Beekeepers removing hives as almond blossom winds down
A quick and vibrant almond blossom is wrapping up in California, prompting beekeepers to remove their hives from orchards to avoid having their bees come in contact with chemicals being applied to other nearby crops.
Warm and balmy afternoons in mid- to late February facilitated lots of bee activity while making the blossom proceed more quickly, noted Bob Curtis, the Almond Board of California’s director of agricultural affairs.
Now that even the latest varieties such as Butte and Padre almonds are in petal fall, some hives have been moved to stone fruit orchards as the early varieties of those crops have started to bloom, reports the National Agricultural Statistics Service office in Sacramento.
“We had in essence about two weeks rather than three weeks” of full blossom, Curtis said. “During the daytime, there were plenty of bee flight hours … The other plus with this bloom is that we did have very good overlap of cross-compatible varieties.”
Under best-management practices the group developed in 2014, the almond board has been urging #beekeepers to remove their hives when most of their latest variety is in petal fall to avoid having #bees fly elsewhere to forage — and coming in contact with pesticides applied to other crops.
“They can fly up to four miles,” Curtis said, adding that some growers are applying chemicals to tree fruit crops and alfalfa.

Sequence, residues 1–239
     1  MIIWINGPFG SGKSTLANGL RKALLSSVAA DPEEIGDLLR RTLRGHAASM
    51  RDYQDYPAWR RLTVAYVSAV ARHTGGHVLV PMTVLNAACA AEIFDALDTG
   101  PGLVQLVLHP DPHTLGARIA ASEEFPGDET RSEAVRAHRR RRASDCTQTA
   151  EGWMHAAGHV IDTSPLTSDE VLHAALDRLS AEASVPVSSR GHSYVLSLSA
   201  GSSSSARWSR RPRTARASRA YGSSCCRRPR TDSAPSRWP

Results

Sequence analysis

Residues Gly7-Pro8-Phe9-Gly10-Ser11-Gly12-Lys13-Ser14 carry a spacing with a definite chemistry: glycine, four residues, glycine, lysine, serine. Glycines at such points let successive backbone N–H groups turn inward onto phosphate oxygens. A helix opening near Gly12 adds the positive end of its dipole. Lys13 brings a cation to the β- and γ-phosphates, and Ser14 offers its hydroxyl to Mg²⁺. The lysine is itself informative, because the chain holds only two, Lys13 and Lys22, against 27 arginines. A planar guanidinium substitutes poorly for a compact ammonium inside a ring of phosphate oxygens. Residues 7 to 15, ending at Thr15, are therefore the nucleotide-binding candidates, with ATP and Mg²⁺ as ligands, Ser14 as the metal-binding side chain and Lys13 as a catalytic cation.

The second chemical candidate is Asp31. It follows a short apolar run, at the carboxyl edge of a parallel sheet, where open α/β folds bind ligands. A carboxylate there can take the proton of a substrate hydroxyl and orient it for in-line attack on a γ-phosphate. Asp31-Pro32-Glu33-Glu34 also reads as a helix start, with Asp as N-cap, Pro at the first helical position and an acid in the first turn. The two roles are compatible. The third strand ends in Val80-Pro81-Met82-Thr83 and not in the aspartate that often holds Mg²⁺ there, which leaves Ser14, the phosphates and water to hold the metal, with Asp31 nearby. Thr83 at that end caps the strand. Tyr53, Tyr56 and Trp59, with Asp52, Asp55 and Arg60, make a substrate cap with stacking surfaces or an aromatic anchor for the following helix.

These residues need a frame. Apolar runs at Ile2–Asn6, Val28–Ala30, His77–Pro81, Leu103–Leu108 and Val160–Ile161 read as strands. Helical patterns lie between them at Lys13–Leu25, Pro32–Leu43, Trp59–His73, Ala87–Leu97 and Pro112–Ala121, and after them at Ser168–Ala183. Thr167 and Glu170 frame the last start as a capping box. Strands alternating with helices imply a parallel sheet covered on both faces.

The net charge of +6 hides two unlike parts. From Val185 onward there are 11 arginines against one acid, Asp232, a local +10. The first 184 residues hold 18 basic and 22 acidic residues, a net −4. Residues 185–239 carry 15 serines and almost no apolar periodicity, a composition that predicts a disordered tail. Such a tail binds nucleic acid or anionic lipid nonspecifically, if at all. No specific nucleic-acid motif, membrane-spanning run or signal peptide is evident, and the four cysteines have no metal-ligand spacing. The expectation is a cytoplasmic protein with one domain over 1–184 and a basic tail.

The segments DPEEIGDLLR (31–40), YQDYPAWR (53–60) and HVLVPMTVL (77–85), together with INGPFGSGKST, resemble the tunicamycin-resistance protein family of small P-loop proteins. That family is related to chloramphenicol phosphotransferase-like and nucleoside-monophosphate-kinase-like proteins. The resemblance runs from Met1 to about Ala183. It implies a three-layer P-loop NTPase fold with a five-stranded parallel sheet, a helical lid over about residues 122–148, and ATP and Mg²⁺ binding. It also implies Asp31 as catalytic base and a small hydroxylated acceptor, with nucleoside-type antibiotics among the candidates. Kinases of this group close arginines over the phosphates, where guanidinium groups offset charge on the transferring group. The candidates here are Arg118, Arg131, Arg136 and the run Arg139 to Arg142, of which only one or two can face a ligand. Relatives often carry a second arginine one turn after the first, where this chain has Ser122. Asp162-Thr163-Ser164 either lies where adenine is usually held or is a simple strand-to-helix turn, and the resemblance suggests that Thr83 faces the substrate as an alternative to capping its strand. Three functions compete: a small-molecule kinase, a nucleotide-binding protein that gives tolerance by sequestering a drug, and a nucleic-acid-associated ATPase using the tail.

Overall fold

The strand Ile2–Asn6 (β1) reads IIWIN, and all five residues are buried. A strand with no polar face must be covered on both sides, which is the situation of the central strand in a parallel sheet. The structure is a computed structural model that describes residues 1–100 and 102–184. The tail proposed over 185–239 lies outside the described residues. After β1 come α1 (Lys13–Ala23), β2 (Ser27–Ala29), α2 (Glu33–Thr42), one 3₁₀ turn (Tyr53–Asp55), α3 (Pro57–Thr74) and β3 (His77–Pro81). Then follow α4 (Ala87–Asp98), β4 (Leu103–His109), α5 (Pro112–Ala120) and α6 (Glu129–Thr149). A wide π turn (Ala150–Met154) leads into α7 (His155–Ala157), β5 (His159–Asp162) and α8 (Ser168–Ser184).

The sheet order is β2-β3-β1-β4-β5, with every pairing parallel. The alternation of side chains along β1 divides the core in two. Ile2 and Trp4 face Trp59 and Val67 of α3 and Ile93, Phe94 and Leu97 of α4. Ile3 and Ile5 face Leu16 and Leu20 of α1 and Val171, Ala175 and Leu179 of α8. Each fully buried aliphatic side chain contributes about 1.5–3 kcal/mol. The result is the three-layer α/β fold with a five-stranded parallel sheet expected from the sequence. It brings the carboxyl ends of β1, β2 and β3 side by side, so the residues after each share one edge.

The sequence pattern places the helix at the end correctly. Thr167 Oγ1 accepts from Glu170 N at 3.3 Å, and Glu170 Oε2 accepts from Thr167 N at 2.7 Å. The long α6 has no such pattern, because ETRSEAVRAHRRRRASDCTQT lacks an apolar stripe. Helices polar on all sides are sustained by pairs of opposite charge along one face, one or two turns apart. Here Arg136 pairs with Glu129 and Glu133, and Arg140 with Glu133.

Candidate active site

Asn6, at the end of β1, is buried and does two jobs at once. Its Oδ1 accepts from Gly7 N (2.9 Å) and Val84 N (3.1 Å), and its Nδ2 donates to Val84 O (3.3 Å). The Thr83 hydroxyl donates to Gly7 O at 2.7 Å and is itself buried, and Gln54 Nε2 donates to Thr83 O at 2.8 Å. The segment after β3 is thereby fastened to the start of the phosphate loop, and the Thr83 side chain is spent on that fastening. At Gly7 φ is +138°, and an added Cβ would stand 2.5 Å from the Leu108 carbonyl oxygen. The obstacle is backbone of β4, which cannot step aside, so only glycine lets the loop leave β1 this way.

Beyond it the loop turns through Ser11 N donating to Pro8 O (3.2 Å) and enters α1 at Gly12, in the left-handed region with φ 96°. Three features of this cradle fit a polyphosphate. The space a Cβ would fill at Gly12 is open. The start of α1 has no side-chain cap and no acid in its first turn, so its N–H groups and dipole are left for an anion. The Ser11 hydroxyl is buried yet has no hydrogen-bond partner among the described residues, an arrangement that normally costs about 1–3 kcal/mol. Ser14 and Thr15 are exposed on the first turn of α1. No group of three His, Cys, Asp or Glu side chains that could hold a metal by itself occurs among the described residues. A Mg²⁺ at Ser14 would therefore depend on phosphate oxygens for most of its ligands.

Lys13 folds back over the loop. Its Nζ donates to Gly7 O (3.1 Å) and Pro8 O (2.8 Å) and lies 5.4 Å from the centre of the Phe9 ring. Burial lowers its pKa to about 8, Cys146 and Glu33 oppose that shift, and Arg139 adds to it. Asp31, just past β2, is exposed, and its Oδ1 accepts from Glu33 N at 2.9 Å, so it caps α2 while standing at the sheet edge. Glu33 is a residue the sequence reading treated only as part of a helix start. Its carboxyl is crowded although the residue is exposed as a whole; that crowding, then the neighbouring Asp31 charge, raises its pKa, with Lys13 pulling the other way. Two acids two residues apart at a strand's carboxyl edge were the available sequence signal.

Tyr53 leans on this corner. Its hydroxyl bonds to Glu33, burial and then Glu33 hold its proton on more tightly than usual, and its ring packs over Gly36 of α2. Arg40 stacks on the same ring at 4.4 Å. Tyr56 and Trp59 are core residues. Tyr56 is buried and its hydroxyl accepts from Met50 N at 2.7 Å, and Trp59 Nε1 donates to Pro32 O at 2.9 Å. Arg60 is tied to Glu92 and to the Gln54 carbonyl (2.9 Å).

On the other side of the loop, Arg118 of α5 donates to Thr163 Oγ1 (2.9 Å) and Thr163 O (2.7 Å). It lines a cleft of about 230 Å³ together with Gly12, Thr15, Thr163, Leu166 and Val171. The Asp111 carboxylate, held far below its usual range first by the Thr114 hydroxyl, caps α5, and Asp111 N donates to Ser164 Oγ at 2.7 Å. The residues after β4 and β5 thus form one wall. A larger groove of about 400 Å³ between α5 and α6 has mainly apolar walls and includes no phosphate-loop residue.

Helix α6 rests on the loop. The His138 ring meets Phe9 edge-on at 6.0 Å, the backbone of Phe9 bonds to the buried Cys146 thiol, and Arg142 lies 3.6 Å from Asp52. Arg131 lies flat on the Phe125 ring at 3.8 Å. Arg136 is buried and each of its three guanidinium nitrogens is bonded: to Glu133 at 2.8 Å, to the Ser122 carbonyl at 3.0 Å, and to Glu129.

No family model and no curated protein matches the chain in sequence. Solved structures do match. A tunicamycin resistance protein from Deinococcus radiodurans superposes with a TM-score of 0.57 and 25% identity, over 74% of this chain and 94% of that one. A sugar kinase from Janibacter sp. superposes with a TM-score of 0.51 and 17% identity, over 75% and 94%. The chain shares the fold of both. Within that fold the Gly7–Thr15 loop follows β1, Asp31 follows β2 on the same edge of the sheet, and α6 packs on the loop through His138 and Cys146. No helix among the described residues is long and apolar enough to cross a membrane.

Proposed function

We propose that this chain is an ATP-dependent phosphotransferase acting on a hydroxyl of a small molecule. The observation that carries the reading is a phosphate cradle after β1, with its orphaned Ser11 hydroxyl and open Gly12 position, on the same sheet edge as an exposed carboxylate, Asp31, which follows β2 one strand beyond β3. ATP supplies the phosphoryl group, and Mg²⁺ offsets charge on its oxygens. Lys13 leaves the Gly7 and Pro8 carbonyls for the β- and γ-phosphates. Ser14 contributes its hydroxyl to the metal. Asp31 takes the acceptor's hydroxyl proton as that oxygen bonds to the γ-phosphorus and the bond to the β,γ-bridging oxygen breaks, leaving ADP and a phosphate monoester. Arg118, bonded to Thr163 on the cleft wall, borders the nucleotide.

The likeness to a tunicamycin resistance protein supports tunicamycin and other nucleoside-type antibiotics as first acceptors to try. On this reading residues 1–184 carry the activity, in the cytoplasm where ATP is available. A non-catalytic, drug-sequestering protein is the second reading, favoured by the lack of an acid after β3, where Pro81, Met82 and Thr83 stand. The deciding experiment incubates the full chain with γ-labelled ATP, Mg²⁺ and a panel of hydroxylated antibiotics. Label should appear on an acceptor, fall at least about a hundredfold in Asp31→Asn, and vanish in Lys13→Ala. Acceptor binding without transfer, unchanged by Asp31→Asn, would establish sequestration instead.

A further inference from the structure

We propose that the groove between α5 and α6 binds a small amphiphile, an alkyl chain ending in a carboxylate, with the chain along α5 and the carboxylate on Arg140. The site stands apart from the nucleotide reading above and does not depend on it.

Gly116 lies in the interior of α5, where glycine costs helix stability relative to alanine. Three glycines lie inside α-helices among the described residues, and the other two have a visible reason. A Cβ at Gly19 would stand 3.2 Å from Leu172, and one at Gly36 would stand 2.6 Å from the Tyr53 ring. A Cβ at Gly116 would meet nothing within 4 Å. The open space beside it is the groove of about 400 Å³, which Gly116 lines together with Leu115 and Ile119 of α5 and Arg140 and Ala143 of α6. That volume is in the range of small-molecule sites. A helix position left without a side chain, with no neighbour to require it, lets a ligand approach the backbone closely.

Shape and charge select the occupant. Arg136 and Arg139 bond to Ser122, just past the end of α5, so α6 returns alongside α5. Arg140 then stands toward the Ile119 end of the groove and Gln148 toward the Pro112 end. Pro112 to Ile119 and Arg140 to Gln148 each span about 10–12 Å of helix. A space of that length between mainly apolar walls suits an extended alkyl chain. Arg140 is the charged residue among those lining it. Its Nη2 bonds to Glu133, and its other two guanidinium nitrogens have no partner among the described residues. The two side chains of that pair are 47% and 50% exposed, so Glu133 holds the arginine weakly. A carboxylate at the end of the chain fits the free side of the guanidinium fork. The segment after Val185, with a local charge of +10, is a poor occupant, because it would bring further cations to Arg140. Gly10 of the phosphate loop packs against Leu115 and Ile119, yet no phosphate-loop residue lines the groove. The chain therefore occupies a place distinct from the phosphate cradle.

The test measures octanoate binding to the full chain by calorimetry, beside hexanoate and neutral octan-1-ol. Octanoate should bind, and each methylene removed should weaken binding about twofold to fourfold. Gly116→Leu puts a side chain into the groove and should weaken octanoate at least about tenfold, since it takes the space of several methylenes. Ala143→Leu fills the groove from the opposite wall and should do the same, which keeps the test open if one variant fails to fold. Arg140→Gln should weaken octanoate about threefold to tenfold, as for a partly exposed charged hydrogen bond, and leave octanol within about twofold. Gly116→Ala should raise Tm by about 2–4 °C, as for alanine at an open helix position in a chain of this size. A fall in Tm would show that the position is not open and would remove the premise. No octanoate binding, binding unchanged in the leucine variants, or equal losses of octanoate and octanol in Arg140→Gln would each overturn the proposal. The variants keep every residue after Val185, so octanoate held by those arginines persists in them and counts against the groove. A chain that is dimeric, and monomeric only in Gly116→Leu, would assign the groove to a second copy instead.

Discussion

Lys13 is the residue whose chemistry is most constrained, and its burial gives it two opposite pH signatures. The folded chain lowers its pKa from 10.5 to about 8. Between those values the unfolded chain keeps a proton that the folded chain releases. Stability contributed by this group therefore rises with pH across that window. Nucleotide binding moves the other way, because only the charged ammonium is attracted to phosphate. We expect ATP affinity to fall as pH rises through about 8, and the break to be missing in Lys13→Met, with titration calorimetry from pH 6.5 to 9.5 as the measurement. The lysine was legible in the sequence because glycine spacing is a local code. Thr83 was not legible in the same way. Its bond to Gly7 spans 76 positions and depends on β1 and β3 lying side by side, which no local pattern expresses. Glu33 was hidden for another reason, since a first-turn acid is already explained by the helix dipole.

The precautions come after bee producers suffered devastating losses at the end of the almond blossom two years ago, when a mixture of fungicides used by almond growers and insecticides applied to field crops proved harmful to both adult bees and broods.
This year’s blossom followed another tough winter for beekeepers in terms of #honey bee die-offs, with some reporting significant losses. A variety of factors have been blamed for the latest deaths, including signs that the #varroa mite believed to cause many of the deaths is developing a resistance to treatments against it.
Bee activity during the blossom was monitored closely by researchers from the nationwide Bee Informed Partnership, whose aim is to help beekeepers improve the strength of their hives, the California Farm Bureau Federation reported.
So far, the feedback from many beekeepers to the almond board has been positive, Curtis said. Beekeepers are pleased with what they call their brood increase — the egg-laying and development of immature bees in hives — during the blossom, he said.
Depending on the weather this spring and summer, the quick and early blossom could portend another early harvest. In 2015, many growers were wrapping up their harvest by Labor Day after a warm spring and summer helped accelerate the crop’s development.
NASS is expected to issue its acreage estimate for almonds in 2016 on April 27, and it typically makes its first production estimate for the nut in May.